There is limited evidence on the effectiveness of weight management programmes provided within routine healthcare and inconsistent use of outcome measures. Our aim was to evaluate a large National Health Service (NHS) weight management service and report absolute and proportional weight losses over 12 months.
Glasgow and Clyde Weight Management Service (GCWMS), which provides care for residents of NHS Greater Glasgow and Clyde area (population 1.2 million).
Structured educational lifestyle programme employing cognitive behavioural therapy, 600 kcal deficit diet, physical activity advice, lower calorie diet and pharmacotherapy.
Baseline observation carried forward (BOCF), last observation carried forward (LOCF) and changes in programme completers reported using outcomes of absolute 5 kg and 5% weight losses and mean weight changes at a variety of time points.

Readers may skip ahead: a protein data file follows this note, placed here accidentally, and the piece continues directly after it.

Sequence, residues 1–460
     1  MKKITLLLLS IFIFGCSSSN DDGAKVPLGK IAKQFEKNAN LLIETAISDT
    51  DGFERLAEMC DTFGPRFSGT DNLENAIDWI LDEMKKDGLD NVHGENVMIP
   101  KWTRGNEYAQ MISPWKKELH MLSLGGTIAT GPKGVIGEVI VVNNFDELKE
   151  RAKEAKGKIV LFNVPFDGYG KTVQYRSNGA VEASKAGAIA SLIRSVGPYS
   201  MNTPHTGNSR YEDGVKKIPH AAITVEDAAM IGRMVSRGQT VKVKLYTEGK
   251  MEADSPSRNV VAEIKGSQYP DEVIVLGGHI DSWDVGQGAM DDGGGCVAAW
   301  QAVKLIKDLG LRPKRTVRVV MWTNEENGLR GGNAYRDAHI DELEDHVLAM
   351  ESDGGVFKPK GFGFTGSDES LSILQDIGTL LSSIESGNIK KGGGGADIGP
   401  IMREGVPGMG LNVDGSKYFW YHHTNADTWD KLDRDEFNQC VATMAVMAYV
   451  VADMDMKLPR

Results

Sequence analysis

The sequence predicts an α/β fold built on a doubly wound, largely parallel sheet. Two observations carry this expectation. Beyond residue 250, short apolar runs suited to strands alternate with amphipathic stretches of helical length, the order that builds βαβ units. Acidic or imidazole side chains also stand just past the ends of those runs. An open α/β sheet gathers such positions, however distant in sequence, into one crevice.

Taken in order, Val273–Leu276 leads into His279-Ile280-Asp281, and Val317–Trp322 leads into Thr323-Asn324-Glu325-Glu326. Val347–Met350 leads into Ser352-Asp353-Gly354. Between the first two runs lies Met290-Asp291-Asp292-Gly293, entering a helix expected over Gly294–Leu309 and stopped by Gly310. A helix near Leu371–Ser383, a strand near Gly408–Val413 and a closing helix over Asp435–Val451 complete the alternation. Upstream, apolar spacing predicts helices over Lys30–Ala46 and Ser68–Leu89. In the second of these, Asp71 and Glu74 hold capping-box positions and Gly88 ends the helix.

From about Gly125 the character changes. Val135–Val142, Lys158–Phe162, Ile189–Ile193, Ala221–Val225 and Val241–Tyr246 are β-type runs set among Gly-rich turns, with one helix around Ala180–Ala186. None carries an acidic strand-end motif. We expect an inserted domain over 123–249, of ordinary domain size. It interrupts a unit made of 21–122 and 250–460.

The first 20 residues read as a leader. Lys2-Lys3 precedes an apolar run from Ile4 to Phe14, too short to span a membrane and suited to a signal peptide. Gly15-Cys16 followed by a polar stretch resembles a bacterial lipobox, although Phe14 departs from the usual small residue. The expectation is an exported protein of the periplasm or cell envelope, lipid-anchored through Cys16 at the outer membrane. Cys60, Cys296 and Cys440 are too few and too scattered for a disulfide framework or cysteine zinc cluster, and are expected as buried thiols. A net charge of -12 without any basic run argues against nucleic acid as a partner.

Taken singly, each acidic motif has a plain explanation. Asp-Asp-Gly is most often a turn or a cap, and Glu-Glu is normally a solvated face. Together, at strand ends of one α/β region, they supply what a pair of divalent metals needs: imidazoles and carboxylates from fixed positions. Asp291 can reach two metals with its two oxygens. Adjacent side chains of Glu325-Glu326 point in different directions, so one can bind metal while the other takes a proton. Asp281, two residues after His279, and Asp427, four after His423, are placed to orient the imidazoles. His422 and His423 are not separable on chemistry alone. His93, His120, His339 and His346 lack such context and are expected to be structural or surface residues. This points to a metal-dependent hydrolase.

6505 referrals were made to GCWMS, 5637 were eligible, 3460 opted in and 1916 (34%) attended a first session. 78 patients were excluded from our analysis on 1838 patients. 72.9% of patients were women, mean age of all patients at baseline was 49.1 years, 43.3% lived in highly socioeconomically deprived areas and mean weights and body mass indices at baseline were 118.1 kg and 43.3 kg/m 2, respectively. 26% lost ≥5 kg by the end of phase 1, 30% by the end of phase 2 and 28% by the end of phase 3 (all LOCF). Weight loss was more successful among men, particularly those ≤29 years old.
Routine NHS weight management services may achieve moderate weight losses through a comprehensive evidence-based dietary, activity and behavioural approach including psychological care. Weight losses should be reported using a range of outcome measures so that the effectiveness of different services can be compared.